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Nerve cells could hold key to curing Parkinson's

Nerve cells could hold key to curing Parkinson's
17th October 2014

Protecting the connections in the brain could halt the onset of Parkinson's.

Research carried out by University College London has looked into the connections between nerve cells - or synapses - as they seek to develop a new treatment method. The study discovered the death of synapses in the brain could be due to the failure of proteins called Wnt.

Mice were given drugs that deliberately stopped Wnt proteins and the mammals were found to struggle with their movement - a sign of Parkinson's. Because of this, restoring Wnt's protective abilities in those with Parkinson's could stop synapses from dying and therefore halting the progression of the condition.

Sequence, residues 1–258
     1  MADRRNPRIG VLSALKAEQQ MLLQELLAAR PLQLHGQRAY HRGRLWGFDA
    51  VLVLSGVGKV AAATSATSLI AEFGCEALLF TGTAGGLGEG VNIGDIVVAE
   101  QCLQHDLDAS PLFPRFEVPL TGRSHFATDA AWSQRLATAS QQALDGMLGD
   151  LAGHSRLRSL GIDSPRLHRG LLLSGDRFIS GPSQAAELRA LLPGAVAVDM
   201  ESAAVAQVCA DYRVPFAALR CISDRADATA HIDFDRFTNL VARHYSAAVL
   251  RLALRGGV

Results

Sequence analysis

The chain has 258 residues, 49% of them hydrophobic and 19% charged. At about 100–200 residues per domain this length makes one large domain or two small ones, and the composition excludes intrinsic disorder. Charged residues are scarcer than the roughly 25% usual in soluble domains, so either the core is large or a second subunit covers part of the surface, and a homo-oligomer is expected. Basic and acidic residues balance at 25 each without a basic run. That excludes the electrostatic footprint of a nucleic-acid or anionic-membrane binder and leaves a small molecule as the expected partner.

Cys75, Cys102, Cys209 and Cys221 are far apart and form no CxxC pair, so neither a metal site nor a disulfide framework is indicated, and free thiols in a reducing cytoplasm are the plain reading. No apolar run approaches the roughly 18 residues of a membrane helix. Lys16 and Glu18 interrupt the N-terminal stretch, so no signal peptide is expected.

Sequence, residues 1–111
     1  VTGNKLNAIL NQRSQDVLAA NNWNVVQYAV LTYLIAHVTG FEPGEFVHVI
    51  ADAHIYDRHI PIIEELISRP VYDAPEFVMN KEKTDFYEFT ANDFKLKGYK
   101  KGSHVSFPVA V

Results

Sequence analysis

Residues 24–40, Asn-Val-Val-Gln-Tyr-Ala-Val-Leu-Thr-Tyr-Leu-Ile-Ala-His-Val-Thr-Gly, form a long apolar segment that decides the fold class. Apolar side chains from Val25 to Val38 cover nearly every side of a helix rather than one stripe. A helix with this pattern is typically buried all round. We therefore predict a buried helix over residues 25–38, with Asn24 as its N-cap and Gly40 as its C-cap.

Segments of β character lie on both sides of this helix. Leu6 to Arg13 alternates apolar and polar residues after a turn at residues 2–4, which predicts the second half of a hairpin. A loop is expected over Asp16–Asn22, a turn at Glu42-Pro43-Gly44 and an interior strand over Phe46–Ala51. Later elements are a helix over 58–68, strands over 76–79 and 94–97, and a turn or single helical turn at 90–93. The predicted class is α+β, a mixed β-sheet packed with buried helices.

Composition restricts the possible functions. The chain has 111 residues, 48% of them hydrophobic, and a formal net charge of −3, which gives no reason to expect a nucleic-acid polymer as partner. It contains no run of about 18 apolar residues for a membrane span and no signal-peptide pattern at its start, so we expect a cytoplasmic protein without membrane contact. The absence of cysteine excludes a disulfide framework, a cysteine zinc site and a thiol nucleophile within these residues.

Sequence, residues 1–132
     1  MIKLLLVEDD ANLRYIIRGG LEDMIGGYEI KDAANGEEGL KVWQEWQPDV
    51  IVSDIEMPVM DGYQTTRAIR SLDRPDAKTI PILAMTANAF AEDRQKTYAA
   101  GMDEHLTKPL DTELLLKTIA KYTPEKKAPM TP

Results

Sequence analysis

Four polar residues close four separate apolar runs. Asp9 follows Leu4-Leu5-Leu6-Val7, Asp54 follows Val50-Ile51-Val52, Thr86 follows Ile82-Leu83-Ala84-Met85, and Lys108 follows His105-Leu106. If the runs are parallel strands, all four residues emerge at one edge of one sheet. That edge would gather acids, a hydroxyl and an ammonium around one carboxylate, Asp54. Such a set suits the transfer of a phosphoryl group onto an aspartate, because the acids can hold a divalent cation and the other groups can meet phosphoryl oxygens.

Parkinson's UK researcher Dr Soledad Galli, who led the study, was happy with the findings, especially as the area has not been looked into in very great detail before. 

"We now need to see if what we've found in mice holds true when we study samples from people with Parkinson's," she stated. 

Dr Galli added that if the team can confirm that Wnt is involved in the early stages of Parkinson's it will throw up some "exciting possibilities" in terms of identifying and treating the condition. 

Parkinson's UK research communications officer Dr Beckie Port pointed out that up until now the majority of research on this topic has been focused on preventing the death of nerve cells. This study, however, looks at how the bridges between nerve cells can be protected. 

"We urgently need drugs that can stop Parkinson's getting worse, rather than just masking the symptoms," she added. 

The study was funded by Parkinson's UK and the findings can be read in-depth in Nature Communications. 

Up to 127,000 individuals in the UK are believed to currently have the condition. There is still no known cure.

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